The UK government shouldn’t brag about the strength of British research when it is so dependent on the efforts of overseas scientists, says Jonathan Adams.
The Department for Business, Innovation and Skills’ biennial report, International Comparative Performance of the UK Research Base, is worth waiting for. It contains the gloriously hubristic fanfare that “the UK spends 4 per cent of the world’s gross expenditure on R&D on 6 per cent of the world’s researchers, who author 8 per cent of the world’s research articles and reviews, attract 11 per cent of the world’s citations and so create 14 per cent of the world’s highly cited output”.
Well done, but that isn’t the whole story. A consequence of increasing international scientific collaboration is that most of those papers reported as being from the UK have authors from other countries. Indeed, papers with authors from outside the UK make up most of the UK’s more highly cited research.
Partnerships are usually agreed to be a good thing as we can tackle the biggest challenges more rapidly with shared resources. But there is a downside: the blandness that emerges when everybody agrees on the same priorities. So we need to nurture our mavericks.
BIS tracks the growth in collaborations with the United States, Europe and increasingly with countries such as China. It is assumed that the big international programmes are driving this trend, bringing groups together to work on health, genomics, climate change and the Higgs boson.
If we want to look more closely at this, then Switzerland is a good place to start. It may be a small country but it is widely applauded for the quality of its research. Its record is startlingly good if you consider the citation impact. Papers with a Swiss author are cited almost twice as often as the world average, whereas for the UK and US the figure is around 1.5 times the world average.
Switzerland’s total research output, recorded on Thomson Reuters’ Web of Science, has increased fourfold in 30 years to around 25,000 papers a year, while its domestic output hasn’t even doubled. So the share of ‘Swiss’ output with no international author is down from 75 per cent of the national total in 1981 to barely 25 per cent in 2012. Much of the headline increase is due to Cern, the World Health Organization, corporate pharmaceutical headquarters and a variety of other research drivers with multinational links.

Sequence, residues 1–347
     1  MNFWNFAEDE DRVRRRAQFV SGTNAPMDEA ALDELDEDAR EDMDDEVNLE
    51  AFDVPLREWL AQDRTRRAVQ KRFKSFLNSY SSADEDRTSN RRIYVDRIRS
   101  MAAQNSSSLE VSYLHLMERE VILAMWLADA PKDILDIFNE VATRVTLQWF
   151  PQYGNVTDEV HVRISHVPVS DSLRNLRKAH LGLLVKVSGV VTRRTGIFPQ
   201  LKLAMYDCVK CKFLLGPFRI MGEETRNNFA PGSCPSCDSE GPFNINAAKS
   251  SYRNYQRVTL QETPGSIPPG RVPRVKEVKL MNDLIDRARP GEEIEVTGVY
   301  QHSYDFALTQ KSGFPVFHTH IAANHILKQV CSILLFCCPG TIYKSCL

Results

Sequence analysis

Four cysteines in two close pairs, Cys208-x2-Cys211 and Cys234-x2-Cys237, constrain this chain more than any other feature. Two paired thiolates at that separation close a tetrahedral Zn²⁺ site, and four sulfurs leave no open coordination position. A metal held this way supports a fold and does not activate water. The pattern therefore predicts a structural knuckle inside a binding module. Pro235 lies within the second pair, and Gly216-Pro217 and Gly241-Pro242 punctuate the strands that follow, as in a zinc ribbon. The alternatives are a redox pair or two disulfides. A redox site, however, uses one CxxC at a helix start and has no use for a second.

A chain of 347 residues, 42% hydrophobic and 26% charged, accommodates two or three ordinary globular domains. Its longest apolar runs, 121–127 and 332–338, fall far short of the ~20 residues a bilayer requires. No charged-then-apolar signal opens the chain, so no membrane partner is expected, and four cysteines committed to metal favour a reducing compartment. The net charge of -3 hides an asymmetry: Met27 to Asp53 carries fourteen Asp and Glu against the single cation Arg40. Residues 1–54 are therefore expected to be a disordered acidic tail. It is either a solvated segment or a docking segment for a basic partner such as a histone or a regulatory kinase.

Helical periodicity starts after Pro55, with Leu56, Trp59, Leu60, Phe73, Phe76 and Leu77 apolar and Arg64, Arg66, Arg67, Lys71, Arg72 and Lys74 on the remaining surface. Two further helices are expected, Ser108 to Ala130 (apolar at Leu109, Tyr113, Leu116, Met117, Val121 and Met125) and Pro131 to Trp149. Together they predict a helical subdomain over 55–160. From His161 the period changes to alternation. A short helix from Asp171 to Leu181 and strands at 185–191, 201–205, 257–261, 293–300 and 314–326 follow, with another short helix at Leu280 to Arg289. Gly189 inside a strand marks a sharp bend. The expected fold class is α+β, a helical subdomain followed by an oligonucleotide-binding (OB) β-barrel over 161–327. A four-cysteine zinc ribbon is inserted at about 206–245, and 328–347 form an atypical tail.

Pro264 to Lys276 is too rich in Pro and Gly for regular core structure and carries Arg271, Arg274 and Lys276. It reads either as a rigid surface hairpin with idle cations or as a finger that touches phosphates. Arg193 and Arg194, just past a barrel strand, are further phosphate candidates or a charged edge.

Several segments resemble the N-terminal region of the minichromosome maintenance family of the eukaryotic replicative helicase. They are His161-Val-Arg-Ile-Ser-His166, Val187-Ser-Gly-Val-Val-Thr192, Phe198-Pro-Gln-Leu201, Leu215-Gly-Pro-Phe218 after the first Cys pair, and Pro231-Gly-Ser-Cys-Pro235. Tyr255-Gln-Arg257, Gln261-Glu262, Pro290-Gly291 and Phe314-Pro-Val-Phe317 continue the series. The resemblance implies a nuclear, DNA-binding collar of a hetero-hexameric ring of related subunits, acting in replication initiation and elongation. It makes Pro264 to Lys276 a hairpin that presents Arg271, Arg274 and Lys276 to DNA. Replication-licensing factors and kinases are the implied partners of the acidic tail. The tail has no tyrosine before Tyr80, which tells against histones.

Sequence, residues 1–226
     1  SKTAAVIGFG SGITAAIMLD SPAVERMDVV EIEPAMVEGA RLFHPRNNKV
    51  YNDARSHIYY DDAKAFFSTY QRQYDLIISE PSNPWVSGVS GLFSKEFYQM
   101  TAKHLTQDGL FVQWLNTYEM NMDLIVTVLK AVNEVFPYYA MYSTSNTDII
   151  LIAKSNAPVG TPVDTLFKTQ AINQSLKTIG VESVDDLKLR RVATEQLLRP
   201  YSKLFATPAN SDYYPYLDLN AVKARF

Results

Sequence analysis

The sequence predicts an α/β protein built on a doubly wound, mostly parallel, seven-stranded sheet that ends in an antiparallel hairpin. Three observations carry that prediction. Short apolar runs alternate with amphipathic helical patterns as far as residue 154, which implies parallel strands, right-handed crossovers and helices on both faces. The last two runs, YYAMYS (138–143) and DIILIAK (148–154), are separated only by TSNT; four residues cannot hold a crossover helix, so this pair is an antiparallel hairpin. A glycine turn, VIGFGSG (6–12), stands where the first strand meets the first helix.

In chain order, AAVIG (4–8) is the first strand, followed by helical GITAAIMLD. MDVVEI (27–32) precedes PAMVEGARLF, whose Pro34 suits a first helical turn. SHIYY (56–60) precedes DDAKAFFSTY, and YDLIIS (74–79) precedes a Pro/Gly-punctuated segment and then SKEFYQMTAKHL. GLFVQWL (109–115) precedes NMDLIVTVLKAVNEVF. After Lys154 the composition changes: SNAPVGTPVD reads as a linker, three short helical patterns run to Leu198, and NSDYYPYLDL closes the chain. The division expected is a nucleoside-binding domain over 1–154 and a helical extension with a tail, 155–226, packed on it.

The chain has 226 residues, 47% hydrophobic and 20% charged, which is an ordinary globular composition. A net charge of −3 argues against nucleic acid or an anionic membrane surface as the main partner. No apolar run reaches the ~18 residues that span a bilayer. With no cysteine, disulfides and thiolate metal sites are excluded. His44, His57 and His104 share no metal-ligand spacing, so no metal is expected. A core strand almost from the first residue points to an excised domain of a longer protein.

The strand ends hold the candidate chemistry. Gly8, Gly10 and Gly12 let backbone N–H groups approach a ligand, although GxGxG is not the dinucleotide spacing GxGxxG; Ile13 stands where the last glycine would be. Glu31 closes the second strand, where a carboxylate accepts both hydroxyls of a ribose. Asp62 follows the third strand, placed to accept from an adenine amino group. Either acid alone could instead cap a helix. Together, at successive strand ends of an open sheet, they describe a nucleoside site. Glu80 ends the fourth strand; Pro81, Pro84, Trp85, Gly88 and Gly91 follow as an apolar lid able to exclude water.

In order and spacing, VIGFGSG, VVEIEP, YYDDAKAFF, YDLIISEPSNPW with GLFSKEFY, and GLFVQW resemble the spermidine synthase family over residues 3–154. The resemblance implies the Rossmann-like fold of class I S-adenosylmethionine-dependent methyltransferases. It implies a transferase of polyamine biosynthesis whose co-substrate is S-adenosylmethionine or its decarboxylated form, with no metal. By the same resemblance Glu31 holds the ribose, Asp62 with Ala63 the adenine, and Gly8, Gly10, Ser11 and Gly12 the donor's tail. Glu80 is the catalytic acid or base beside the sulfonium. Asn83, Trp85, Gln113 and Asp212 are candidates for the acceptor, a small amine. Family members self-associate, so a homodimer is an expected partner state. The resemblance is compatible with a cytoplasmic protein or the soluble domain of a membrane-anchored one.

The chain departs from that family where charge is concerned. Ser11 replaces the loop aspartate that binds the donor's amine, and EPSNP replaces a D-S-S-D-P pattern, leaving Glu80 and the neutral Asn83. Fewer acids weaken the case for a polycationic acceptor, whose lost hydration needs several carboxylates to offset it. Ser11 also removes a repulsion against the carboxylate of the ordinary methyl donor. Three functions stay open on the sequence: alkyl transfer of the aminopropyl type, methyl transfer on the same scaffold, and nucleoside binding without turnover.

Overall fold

What has happened in Switzerland is increasingly true elsewhere. In 2010, for the first time, fewer than half of the papers produced in the UK had no overseas author. The trajectory has been from 85 per cent domestic research in the 1980s down to 48 per cent in 2012. In the US, two-thirds of output is still wholly domestic despite the country being the favourite partner for most others, but it, too, is on a clear downward slope.
Three questions come out of this. What about China? Is the effect uniform across universities? And how well is the UK really performing?
China is not on the same trajectory as the west, and nor are South Korea, Brazil or India. China has phenomenal growth but it is largely driven by domestic growth. It certainly collaborates more in absolute terms but not in relative terms, and its research has remained around 75 per cent home-grown. People mutter about the quality of this work, but 10 per cent of that domestic research is already hitting a respectable citation target.
Back in the UK, it is the big universities in the south-east that have the highest rate of international collaborations. Leading research groups at home collaborate with the leading research groups overseas. High impact meets high impact and spawns exceptional impact. But where does that leave those regional research groups that are less well connected to the international networks?
And finally, how on earth is BIS going to work out whether the UK’s performance is actually any good or not? If more than half our research lacks that special Made in Britain kitemark, can we really claim it as ‘ours’, or has the leading edge moved away from the national base and towards international enterprise? And what does this mean for the report on the international performance of the UK’s research base?
Collaboration is essential to research; we need more of it, not less. BIS has to enable the UK’s international collaboration to become more pervasive so that all universities can keep up, not just the Golden Triangle connecting Oxford, Cambridge and London. And it can convince the Treasury that this would benefit UK innovation by linking global knowledge to regional industry.
Jonathan Adams, a former director of research evaluation at Thomson Reuters, is a freelance consultant.
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